Eidolon of the Great Revel: Way underpriced for how good this card and burn in general are in Modern and Legacy. I’m slightly worried it shows up in a clash pack or something, but even then I’m not sure it will be enough to stunt growth. After I move some of the pricier things I’ve still got kicking around, I may drop some cash on these guys.
Thalia, Guardian of Thraben: I said last week it feels underpriced, and I still feel that way.
Khans Fetches: Most of these are at or near their lifetime floors. I’m trading for these all day long. They’re the closest thing we have in Magic to currency other than, well, currency. As for purchasing…
Foil Khans Fetches: Return to Ravnica shocks were (universally?) the cheapest they were within a few months of release. Make no bones about it, the buy-in here is damn expensive. The upside is that all of them could gain 15%-50% of value within a year, all with basically no fears of loss in price.
Crazy Specs: This topic was broached recently. The short version is that if you miss, you don’t lose much, and if you hit, it more than makes up for your misses. Take for example Faith’s Reward, of which I currently have around 100 copies. I paid $.25 each, for a total of $25. If it completely tanks and is reprinted eight times, they’re still worth $.10 each and I lose $15. If it hits it big and they reach $8, I just made enough to cover having missed on other specs several times over. You can’t do this with just any card – you have to find ones that are in low supply with high power level. It’s not for everyone, but when you hit, you hit hard. Another one I’ve picked up a lot of? Magus of the Bazaar.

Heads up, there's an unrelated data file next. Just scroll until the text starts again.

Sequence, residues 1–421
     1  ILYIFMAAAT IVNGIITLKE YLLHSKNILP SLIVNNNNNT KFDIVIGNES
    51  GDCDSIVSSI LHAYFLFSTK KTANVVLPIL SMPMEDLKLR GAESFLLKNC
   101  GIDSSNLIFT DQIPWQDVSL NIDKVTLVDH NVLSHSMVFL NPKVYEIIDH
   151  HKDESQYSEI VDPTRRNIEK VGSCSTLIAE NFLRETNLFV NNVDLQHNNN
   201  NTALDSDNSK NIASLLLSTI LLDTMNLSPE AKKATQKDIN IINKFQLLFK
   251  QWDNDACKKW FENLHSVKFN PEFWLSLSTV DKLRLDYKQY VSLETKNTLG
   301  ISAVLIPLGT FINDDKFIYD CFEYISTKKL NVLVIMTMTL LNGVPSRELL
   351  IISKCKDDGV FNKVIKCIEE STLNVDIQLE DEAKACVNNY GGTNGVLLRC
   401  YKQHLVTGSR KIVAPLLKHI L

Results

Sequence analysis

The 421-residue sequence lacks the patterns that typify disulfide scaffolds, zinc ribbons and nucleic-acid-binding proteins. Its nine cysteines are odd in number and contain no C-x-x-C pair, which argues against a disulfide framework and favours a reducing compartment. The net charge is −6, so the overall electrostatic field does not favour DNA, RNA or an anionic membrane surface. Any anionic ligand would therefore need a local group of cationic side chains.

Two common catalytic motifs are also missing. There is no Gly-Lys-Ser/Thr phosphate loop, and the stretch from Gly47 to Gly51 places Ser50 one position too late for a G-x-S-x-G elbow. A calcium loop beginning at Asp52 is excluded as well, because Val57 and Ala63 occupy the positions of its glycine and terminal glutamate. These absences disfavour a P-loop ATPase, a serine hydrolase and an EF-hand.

Modern has become far too financially volatile a format for me to want to have any large investment in right now. With a major reprint outlet a few months away and very little else driving players at the local level to become emotionally and financially invested in Modern, I’ll sit out for a bit. It feels sort of odd since it’s been such a large percentage of my investment strategy for the past two years, but for now it’s time to leave it be. Maybe this August after all the MM2 price swings settle down I’ll revisit it.
I’ve no doubt plenty of people will disagree with my strategy and calls here, but I don’t mind. When people are talking about how they slam dunked Abrupt Decay or Liliana it will be easy to feel like I sold out early. What’s important to remember is that we see the highlight reel when people hit home runs, but we won’t be hearing from the guys who lost hundreds of dollars after going deep on Gavony Township when it’s printed in Commander decks later this year. Rather than chase cards with big price tags and big targets on their head, I’m going to avoid being greedy and instead go after cards with low risk profiles that are less sexy.
Except for Magus of the Bazaar. That’s sexy.